Ever heard of the phrase, ‘Where there’s smoke, there’s fire’? For decades fire tower lookouts and satellites have been used to detect forest fires once smoke occurs.
New research from Northeastern University aims to predict forest fires before smoke occurs. The study is led by Michal Aibin, a visiting associate teaching professor at the Khoury College of Computer Sciences at Northeastern University’s Vancouver campus.
“Currently, when we think about forest fires, and all the research that is happening around the world … the majority of the work—like 90% of the work—focuses on the detection of the fire,” Albin said.
“But obviously, when we’re detecting the fire, it means it is already there … we want to predict the fires in the area.”
A computer algorithm that predicts fire risk
Aibin has created an algorithm that evaluates and categorizes forests based on their potential fire risk. This allows foresters to identify the most susceptible to fires and take preventive measures before the fire season.
“Our goal is to provide as much information as possible, so they can implement prevention strategies—maintain the forest, do clean-up of debris, maybe a controlled cutting … and in the event of a fire, this fire won’t spread that far or won’t be as devastating as if that fuel was there,” Aibin says.
Global firsts cost $50 billion a year in a normal year
Last year, 1800 forest fires burnt through 135,000 hectares in Canada, costing CAD 650 million.
And forest fire is an immediate danger for many Canadians, with the Government predicting a ‘higher than normal’ fire risk in the last few hours.
“Our modelling shows this may be an especially severe wildfire season throughout this summer,” Prime Minister Justin Trudeau told a news on Monday, June 5, 2023 (Canadian time).
“This is a scary time for many people, not just in Alberta, but right across the country, including in the Atlantic, the North and Quebec, too.”
Government data shared with reporters shows 413 fires spanning multiple provinces and the North were burning on Sunday afternoon, leaving about 26,206 people under evacuation orders in British Columbia, Alberta, Northwest Territories, Saskatchewan, Quebec, and Nova Scotia.
Worldwide, fires cost about USD 50 billion a year, according to the World Economic Forum.
During the 2019/20 Australian Bushfires, economists estimate that fire may have cost up to AUD 100 billion, with 80% of the population affected either directly or indirectly by the fires.
Burnt forest area and cost are likely to increase due to climate changes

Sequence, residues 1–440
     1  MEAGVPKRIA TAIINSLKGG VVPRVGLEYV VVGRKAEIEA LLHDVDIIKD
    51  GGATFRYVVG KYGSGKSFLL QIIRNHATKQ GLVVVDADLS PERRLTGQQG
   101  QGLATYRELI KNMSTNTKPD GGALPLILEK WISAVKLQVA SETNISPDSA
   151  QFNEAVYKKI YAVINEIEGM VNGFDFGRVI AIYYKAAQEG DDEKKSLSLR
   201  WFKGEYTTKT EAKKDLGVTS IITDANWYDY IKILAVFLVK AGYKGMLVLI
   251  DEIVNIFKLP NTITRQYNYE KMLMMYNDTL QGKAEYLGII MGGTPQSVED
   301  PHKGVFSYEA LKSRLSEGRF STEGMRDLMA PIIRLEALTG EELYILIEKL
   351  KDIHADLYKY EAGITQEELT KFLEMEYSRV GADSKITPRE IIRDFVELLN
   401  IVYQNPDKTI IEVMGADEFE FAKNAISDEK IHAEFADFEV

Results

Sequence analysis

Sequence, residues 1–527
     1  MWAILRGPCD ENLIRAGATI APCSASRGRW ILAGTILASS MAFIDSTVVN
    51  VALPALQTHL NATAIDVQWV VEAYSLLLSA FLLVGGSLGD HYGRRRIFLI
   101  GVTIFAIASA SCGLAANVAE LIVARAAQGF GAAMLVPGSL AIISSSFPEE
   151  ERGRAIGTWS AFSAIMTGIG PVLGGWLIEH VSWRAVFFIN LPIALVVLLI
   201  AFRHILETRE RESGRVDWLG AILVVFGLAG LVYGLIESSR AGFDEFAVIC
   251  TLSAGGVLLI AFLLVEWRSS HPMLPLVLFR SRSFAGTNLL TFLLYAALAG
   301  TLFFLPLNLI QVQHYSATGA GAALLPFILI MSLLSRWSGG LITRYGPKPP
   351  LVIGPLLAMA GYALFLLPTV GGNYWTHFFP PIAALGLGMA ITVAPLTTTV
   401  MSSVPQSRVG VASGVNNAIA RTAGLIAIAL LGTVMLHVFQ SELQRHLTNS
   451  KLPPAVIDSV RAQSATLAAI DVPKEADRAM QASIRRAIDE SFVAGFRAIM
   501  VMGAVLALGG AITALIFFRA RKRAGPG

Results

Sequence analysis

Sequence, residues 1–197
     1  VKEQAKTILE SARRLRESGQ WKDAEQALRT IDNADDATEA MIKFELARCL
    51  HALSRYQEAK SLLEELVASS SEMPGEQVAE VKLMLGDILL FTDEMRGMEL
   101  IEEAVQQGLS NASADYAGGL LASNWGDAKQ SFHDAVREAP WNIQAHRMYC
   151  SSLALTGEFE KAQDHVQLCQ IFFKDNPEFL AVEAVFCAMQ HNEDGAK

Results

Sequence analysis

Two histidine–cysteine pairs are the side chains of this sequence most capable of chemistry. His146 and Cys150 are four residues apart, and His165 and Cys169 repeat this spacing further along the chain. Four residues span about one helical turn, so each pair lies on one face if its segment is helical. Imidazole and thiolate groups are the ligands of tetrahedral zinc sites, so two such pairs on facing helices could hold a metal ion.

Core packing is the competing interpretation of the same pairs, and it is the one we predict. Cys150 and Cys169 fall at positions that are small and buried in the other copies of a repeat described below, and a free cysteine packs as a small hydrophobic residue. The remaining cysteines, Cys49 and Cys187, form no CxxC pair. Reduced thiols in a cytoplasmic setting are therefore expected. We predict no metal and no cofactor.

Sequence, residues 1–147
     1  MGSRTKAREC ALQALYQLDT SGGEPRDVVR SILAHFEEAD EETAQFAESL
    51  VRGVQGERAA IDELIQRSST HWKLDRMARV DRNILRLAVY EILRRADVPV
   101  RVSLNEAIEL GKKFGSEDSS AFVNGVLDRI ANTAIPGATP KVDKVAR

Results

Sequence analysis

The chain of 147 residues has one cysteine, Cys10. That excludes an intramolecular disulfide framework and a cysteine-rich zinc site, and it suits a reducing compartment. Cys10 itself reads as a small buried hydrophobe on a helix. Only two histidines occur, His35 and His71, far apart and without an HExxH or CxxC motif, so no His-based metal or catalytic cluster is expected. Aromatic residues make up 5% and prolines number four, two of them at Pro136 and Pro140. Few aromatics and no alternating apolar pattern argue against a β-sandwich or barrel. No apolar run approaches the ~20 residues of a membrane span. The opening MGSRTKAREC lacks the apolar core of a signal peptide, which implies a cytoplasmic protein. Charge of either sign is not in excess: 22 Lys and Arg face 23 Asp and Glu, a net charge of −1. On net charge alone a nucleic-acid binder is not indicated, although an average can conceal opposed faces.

It’s probable that hectares and the cost of fire will rise with the changing climate, as well as the increasing severity of drought cycles and the resulting release of carbon.
“It’s become more challenging every year,” Aibin says. “Because of (fires) we release more carbon in the air and then the climate gets warmer, so it’s a kind of loop that we need to break.”
The impact of forest fires is not limited to forests and grasslands alone. According to Aibin, the smoke emitted from these fires can travel vast distances, worsening air quality. Furthermore, this can cause respiratory conditions like asthma to become even more severe.
But Aibin’s work occurs before the smoke starts to rise.
Using drones to scan forest areas, Aibin collects data such as the number of flammable debris in the area, the species of trees and their respective flammability, the proximity of water sources, areas with diseases that weaken the trees, and more.
The information is put into a mapping program which then displays the forest and assigns different color-coded classifications based on its flammability risk—from low to extreme.
That information is then made available to foresters who can see the most fire-prone areas, learn why that area is particularly risky, and direct mitigation and prevention strategies.
So far, Aibin has focused on forests near the Thompson River in British Columbia, working with Natural Resources Canada and Transport Canada (government departments responsible for natural resources, including forests, and transportation in Canada, respectively) to collect and analyse data.
Global implications: expand to make more geographically specific
But he sees a worldwide application for the program and is working on expanding the amount and type of risk factors it analyses to make it more geographically specific.
“Expand, expand—get more data, more tree species, more risk factors involved, and get a system that can be applied in British Columbia, all of Canada, the States, and finally globally,” Aibin says.
He also hopes his computer science students can be inspired to apply their skills beyond traditional programming.
“We can make a difference; we can make an impact,” Aibin continues.
“Not only learn these computing skills to be a programmer or tester or designer, we teach those skills, but also with that role comes the responsibility to make an impact in the world.”